Costa Rica and Colombia Conclude 4th Round Free Trade Agreement Negotiations

The delegations of Costa Rica and Colombia closed negotiating last week with agreements on financial and trade defense of the free trade agreement (FTA), but still fail to reach an agreement on the opening of their markets.

The fourth round of negotiations, which ended today in San Jose, yielded “important results” and places the process in “final stages,” he said in a statement the Costa Rican Foreign Trade Minister, Anabel González.

The main results of this round were the closing chapters trade defense and financial services as well as services and investment annexes.

“The financial services chapter presents the novelty that includes the commitment of both countries to ensure a regulatory framework that allows the integration of their potential markets,” he said in the bulletin, the Ministry of Foreign Trade.

During this round, the parties exchanged their market access offers, which were not publicly detailed.

“Now the next step is to give us a space to consult with the productive sectors (on job), in order to define the possible scenario for the conclusion of negotiations,” the chief negotiator for Costa Rica, Fernando Ocampo.

During the negotiations Costa Rica and Colombia have reached agreements in 41 chapters on market access for goods and 70 for specific rules, among which are those applied to meat, fruits, vegetables, coffee, milk, cereals, sauces and dressings, pharmaceuticals and aluminum.

In Costa Rica this treaty was rejected by the Chamber of Industry, considering that Colombia is a partner and not a competitor complementary economy, which could affect the industry.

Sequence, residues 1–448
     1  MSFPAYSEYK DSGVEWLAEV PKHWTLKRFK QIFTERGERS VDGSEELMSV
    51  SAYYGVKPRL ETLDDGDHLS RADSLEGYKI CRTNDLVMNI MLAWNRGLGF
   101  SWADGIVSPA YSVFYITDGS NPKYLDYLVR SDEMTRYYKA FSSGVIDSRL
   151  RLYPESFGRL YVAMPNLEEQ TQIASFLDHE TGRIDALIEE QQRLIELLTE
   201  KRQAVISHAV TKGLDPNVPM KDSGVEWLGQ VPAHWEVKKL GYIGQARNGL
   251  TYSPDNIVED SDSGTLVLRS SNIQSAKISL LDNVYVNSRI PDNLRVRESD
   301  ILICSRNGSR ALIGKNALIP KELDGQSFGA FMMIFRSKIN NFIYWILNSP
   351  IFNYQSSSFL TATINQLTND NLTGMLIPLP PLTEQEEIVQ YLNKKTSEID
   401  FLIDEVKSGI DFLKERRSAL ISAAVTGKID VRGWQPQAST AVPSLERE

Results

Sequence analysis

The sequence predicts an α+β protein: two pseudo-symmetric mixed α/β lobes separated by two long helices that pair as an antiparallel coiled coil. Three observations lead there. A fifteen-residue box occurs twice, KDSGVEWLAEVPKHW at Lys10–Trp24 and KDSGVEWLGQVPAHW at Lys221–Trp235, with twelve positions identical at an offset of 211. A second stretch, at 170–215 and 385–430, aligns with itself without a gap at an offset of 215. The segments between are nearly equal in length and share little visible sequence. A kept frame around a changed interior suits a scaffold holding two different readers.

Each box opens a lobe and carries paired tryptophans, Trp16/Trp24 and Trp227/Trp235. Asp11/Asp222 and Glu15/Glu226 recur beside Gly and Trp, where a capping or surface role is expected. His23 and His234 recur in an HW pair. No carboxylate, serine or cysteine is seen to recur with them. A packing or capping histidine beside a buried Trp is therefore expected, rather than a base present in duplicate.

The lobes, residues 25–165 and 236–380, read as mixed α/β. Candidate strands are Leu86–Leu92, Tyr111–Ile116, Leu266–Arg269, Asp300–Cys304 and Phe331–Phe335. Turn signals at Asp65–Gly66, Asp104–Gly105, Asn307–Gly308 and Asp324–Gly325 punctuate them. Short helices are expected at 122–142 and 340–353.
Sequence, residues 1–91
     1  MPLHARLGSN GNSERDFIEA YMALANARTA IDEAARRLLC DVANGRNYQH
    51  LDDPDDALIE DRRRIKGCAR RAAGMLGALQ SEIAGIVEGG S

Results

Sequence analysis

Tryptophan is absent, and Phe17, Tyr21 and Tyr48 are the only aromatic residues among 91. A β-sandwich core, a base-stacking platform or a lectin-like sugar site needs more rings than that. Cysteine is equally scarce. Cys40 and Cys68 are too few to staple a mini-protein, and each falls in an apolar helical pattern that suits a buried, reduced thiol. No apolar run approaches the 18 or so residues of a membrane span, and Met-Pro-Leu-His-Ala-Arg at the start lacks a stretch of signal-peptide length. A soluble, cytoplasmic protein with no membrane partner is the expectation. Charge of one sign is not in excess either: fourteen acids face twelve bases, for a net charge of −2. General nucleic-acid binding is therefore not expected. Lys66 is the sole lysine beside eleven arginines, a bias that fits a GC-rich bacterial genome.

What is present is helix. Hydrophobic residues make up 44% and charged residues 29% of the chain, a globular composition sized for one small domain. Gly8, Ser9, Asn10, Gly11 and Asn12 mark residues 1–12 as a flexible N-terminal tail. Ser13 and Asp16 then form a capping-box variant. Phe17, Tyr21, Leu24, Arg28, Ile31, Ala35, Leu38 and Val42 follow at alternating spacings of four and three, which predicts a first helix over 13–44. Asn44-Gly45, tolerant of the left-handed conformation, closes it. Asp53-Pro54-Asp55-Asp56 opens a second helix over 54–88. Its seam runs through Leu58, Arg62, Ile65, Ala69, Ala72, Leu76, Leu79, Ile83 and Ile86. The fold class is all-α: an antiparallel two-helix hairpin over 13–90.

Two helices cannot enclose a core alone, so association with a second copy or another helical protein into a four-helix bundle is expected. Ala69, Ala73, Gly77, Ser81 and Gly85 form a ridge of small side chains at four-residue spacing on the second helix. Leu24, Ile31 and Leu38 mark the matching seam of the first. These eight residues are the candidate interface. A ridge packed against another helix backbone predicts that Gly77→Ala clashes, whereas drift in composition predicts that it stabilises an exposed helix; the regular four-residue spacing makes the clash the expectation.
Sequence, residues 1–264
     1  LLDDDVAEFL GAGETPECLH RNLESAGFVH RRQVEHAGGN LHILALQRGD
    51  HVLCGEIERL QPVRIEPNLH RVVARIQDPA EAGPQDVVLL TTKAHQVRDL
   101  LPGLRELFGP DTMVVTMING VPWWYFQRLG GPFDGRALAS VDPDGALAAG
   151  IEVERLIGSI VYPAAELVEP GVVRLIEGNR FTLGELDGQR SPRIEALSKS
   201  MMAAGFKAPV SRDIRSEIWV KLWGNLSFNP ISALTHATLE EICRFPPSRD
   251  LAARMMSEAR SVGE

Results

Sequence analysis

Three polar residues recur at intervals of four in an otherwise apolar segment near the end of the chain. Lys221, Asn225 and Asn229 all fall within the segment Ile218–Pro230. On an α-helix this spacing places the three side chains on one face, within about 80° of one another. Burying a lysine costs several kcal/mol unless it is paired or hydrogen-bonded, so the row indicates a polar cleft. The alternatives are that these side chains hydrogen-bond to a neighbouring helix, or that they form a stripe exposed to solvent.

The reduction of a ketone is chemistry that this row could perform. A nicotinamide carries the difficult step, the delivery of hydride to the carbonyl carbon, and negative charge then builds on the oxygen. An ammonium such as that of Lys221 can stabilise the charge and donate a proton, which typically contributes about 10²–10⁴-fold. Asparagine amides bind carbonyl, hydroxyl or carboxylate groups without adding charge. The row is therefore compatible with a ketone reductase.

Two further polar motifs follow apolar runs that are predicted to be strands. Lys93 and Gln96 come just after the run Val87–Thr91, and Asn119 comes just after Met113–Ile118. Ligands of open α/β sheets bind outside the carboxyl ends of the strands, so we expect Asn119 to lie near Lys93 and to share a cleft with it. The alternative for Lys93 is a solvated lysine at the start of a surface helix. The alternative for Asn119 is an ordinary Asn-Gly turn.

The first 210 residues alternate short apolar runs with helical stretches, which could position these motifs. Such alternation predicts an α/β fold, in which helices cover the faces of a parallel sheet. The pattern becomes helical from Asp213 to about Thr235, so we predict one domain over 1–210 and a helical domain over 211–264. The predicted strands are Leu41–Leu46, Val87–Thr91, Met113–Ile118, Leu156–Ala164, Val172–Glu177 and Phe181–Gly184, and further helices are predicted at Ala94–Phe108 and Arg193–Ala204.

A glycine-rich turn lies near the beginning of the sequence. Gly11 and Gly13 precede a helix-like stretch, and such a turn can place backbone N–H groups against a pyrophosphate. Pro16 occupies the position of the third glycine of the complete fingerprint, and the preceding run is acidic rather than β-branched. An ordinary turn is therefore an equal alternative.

For Costa Rica, Colombia represents a market with dimensions comparable to those of Central America, with a population of approximately 46 million people, but with a higher purchasing power.

According to a market study of the Trade Office, there are opportunities for Costa Rican exporters especially in sectors such as electronics, metal-mechanical, chemical, pharmaceutical, food, medical and precision equipment.

In addition, the FTA with Colombia is the last requirement to fulfill for Costa Rica to become a full member of the Pacific Alliance, since Costa Rica already has such treaties in force with Mexico, Chile and Peru, the other forum members.

The balance of trade between the two nations is largely favorable to Colombia, because according to official figures from Costa Rica, in 2011 the Central American country exported $ 48.2 million, but imported from that country 455.7 million.

Negotiations between Costa Rica and Colombia began in July last year and expect to conclude this year.

The Costa Rica News (TCRN)
San Jose Costa Rica

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